It’s much fun to discover and taste the pleasure of Hermitage wines. Hermitage is comparable to any of the great wines in world history. Bottle-aged Hermitage wine typically takes about 15-20 years. It certainly is not a good idea to drink Hermitage wines young. They must be allowed to mature in time because young wines are unformed, stern, tannic, and even austere.
Hermitage wines are known for their concentrated, tannic and rich taste with an aroma of blackberry, spice, black raspberries, black cherry, olives, earth, minerals, and smoke. When young, it delivers an austere taste that one cannot enjoy when drinking. However, when it ages, the magic begins. They transform into wines with rich, majestic, and vibrant taste, giving the drinker an unforgettable experience.
Most Northern Rhone appellations produce wines of the same vintage with similar quality, although not really all the time. The most famous wine produced in the history of Hermitage wine tourism is the 1961 Jaboulet La Chapelle. It is also the world’s priciest wine sold at $15,000 per bottle at an auction.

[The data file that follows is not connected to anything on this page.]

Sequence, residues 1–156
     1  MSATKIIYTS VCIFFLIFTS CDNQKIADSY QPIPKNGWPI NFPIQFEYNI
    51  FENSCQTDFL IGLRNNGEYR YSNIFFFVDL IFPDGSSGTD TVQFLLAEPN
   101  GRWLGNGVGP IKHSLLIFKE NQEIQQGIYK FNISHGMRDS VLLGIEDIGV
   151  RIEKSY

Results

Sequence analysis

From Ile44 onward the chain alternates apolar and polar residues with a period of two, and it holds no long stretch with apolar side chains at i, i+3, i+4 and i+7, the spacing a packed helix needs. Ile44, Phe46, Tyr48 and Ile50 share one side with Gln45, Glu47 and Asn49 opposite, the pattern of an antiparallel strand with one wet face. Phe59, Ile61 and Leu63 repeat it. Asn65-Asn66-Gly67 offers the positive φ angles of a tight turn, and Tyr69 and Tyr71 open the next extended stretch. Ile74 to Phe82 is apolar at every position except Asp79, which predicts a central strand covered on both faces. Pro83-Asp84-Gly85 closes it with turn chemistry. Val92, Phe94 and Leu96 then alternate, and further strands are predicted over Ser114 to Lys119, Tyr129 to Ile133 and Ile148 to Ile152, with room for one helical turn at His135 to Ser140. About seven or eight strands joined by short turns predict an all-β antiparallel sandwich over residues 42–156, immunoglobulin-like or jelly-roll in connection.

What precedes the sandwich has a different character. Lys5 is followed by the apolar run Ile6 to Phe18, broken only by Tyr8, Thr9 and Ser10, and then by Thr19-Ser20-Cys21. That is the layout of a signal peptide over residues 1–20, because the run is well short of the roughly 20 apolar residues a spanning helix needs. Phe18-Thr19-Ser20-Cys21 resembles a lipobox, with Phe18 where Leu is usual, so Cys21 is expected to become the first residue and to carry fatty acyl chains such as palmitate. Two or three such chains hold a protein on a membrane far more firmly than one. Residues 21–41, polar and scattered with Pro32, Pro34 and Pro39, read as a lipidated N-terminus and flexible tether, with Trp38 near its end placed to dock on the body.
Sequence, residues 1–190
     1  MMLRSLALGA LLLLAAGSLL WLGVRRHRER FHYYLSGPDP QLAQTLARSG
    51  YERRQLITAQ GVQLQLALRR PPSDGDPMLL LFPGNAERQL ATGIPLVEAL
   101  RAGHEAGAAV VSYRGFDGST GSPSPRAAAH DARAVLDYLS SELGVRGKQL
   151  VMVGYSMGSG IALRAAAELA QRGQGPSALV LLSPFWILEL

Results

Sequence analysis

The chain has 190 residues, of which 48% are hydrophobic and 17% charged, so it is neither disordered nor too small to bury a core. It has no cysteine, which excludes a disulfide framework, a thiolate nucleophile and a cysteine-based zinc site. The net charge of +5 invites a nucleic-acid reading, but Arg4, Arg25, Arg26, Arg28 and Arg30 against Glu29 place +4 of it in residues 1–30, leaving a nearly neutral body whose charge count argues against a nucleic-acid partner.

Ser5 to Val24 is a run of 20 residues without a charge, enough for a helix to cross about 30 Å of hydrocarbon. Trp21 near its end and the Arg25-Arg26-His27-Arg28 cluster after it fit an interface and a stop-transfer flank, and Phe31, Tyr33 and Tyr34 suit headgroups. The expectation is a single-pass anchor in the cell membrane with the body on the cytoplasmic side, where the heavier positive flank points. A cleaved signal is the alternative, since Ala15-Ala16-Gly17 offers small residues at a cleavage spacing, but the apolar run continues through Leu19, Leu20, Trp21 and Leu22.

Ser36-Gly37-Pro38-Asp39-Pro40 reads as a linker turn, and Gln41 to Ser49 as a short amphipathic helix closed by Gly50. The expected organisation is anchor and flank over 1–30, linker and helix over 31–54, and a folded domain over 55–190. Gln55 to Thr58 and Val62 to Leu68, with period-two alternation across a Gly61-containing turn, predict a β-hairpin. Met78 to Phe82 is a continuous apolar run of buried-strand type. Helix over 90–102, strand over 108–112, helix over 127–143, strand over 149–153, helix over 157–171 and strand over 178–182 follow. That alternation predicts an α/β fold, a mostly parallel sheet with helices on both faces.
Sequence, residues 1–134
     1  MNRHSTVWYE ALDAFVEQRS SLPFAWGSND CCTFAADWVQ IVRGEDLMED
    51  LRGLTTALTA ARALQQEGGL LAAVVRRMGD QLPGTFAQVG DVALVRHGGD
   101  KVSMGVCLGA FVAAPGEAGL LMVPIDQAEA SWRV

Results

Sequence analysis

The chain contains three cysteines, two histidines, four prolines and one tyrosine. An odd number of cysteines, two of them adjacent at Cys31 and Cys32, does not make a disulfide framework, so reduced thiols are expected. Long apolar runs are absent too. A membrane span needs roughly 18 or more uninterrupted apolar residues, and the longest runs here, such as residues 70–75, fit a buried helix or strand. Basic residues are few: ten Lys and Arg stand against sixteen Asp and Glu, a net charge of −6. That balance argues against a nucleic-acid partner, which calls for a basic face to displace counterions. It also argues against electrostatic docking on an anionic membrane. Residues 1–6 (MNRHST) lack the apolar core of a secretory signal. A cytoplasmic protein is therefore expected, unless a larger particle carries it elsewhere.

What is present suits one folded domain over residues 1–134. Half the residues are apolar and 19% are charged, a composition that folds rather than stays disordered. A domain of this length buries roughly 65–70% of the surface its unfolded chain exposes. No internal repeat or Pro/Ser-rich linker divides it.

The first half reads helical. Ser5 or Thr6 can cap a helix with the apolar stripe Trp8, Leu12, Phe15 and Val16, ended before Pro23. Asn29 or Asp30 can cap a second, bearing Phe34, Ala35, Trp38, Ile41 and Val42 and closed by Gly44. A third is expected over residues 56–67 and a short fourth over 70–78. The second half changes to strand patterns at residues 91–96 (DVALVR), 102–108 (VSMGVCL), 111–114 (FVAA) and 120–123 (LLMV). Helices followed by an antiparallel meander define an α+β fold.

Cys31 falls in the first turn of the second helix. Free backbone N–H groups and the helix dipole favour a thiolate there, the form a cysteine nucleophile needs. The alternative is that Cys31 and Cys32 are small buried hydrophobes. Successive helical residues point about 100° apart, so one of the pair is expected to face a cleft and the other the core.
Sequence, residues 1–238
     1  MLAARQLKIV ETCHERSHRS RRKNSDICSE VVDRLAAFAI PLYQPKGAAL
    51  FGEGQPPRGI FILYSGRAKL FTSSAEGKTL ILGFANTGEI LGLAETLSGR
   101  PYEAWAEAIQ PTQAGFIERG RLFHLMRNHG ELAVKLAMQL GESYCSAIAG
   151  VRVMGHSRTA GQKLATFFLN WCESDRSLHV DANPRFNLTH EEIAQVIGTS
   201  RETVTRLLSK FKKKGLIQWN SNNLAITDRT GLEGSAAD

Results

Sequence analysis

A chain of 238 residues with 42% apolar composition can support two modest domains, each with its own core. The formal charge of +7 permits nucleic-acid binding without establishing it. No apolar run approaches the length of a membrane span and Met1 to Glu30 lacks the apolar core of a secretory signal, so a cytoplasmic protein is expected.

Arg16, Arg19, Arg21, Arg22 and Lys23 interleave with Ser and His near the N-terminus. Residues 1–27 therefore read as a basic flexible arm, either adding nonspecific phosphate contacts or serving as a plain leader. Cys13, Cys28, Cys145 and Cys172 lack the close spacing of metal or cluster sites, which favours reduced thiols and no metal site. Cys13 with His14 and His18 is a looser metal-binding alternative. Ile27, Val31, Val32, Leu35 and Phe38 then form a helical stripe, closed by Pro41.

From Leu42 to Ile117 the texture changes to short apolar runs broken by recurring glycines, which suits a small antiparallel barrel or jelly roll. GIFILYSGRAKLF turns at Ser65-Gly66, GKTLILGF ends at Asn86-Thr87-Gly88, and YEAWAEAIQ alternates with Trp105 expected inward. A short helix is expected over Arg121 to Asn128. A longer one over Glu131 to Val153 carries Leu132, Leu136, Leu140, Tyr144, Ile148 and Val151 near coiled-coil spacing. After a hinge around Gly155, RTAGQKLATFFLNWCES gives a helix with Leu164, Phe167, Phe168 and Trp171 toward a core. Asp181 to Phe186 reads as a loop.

If you are looking for the best vineyard in Hermitage, it is located on the rocky, steep hillsides of Hermitage. The abundance of various stones and rocks in the area drain excess moisture while reflecting heat and sunshine. This helps the grapes to achieve their preferred level of ripeness. The rocky land compels the vines to dig deeper into the soils for nourishment.
Hermitage’s climate is more temperate than the Rhone Valley’s. The wind that Hermitage receives helps keep the vines and grapes clean and disease-free. The wind that follows the rains remove excess moisture.
The degree of phenolic ripeness of grapes is a factor that determines the degree of the quality of wine to produce. Knowing when the best time to harvest is important to achieve the desired quality of the wine.